6. John Stuart Mill (1806 – 1873)
> Country of origin: United Kingdom
> Talent: Philosopher
Philosopher and economist John Stuart Mill, an ardent believer in the equality of races and genders, was a child prodigy. MIll’s father, a Scottish writer, pushed him hard when he was a boy. The younger Mill read the classics, including Plato’s works in their original Greek language, as well as learned history, physics, and economics.
7. Clara Schumann (1819 – 1896)
> Country of origin: Germany
> Talent: Pianist
Clara Schumann, born Clara Wieck, was a pianist, who started learning to play the piano by age 5 and began composing by age 10. She became a celebrated piano prodigy and toured Europe, earning praise from such music stalwarts as Franz Liszt and FrÃ©dÃ©ric Chopin. Schumann performed professionally for more than 60 years.
8. Arthur Rimbaud (1854 – 1891)
> Country of origin: France
> Talent: Poet
The literary wunderkind and adventurer Arthur Rimbaud, was well versed in Latin at an early age. He published his first poem at age 15 and later wrote prose such as “A Season in Hell” that was influential in launching the surrealist movement. His poem “The Drunken Boat,” a metaphor about someone freed from convention, is considered to be his finest work. Rimbaud influenced artists such as beat writer Jack Kerouac and folk-rock singer Bob Dylan.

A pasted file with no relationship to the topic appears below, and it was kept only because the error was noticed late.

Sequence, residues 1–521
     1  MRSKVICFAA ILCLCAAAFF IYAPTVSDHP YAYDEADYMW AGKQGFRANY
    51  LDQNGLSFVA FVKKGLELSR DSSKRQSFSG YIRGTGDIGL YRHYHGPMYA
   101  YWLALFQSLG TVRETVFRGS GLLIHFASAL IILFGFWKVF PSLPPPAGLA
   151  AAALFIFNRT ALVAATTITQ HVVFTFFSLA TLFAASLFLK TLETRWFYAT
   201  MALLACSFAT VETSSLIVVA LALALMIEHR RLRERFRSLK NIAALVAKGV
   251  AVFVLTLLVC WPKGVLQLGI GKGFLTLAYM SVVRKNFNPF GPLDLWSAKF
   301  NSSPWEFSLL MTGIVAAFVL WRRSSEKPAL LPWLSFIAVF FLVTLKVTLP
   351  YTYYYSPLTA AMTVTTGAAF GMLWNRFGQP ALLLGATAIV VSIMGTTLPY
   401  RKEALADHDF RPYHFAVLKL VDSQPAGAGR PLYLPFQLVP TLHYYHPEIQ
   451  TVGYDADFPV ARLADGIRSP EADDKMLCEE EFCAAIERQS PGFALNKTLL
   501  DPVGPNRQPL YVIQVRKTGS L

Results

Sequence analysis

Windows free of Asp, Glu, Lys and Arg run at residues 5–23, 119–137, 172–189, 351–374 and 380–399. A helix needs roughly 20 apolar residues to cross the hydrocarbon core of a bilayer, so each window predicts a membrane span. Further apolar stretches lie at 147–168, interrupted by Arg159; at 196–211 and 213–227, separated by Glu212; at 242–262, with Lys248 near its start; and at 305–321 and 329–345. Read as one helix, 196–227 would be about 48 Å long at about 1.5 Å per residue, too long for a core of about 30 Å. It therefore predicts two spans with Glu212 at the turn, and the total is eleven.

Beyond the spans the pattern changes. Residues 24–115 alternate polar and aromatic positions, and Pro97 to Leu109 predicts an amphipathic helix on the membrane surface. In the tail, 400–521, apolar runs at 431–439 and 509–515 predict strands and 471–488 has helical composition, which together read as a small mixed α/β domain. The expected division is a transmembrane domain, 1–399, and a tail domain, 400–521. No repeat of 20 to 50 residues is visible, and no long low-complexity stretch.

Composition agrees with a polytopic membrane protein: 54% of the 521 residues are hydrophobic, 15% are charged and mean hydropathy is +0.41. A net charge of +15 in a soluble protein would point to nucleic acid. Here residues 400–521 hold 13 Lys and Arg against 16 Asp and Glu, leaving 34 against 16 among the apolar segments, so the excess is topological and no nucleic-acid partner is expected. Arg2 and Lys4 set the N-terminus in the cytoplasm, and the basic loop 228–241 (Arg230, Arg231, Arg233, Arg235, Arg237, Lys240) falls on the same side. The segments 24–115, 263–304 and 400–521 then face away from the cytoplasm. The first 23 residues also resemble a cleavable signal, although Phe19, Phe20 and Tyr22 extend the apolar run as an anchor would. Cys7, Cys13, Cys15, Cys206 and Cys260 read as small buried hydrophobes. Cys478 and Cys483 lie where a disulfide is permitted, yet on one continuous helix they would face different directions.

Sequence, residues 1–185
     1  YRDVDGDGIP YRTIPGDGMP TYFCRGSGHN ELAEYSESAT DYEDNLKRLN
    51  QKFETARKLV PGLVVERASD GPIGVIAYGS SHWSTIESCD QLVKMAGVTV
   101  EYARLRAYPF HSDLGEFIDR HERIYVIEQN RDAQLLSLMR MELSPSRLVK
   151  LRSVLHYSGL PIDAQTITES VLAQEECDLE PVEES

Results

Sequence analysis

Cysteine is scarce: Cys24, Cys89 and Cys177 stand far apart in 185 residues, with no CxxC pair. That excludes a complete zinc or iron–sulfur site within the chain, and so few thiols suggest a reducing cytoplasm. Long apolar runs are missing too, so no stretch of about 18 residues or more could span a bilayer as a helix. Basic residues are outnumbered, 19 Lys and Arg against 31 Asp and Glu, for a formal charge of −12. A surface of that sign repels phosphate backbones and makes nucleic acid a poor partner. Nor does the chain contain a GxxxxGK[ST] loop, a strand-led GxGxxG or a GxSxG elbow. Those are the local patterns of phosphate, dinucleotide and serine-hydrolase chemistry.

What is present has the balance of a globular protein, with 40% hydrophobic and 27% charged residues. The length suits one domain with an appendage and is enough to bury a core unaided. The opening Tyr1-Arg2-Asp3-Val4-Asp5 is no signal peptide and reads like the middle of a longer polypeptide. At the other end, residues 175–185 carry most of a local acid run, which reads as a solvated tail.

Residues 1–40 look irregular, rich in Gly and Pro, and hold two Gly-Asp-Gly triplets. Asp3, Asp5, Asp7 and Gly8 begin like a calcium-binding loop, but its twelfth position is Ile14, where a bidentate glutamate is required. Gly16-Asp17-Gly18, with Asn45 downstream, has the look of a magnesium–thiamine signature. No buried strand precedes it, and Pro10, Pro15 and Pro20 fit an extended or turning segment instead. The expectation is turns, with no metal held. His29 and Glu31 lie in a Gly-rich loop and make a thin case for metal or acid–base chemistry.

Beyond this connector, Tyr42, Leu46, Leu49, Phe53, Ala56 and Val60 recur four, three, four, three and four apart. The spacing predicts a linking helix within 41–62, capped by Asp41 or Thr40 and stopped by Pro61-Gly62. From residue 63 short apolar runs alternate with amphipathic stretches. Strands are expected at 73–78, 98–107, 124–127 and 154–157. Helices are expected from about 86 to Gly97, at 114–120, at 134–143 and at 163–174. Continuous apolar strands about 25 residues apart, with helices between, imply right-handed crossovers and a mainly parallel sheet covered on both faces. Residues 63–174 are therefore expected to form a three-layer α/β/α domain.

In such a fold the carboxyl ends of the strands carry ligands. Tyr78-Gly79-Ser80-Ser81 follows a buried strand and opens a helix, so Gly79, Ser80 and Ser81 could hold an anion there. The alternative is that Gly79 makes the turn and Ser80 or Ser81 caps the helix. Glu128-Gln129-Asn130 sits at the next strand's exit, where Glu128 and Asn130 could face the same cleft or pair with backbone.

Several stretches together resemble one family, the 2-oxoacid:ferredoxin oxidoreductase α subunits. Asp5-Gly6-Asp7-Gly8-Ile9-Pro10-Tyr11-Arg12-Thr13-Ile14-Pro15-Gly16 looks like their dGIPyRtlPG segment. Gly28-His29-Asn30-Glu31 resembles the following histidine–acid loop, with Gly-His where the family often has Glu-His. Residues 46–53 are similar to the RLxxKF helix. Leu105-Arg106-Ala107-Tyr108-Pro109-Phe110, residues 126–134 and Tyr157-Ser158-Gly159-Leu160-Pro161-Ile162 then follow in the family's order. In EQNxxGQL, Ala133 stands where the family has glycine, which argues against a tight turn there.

9. Marie Curie (1867 – 1934)
> Country of origin: Poland
> Talent: Physicist
Few people have had a more storied scientific career than Marie Curie, who won Nobel prizes in physics and chemistry and was the first female professor at the Sorbonne. Not surprisingly, she was a prodigy in literature and mathematics and taught herself to read Russian and French. She was encouraged to pursue her intellectual curiosity by her father, a science teacher. As a teen, she was educated in physics and natural history at a school that was kept secret from Poland’s Russian rulers in the late 19th century.
10. Pablo Picasso (1881 – 1973)
> Country of origin: Spain
> Talent: Painter
One of art’s giants of the 20th century who helped found the cubism movement, Pablo Picasso was encouraged to paint by his father, a teacher and artist himself. He held his first public art exhibit at age 11. Two years later, in a gesture that recognized his son’s genius, Picasso’s father stopped painting for good. Picasso took the competitive entrance exam at Provincial School of Fine Arts in Barcelona at age 15 and finished in first place. The acclaimed painter and sculptor, who created such monumental works as “Guernica,” created more than 22,000 works of art.
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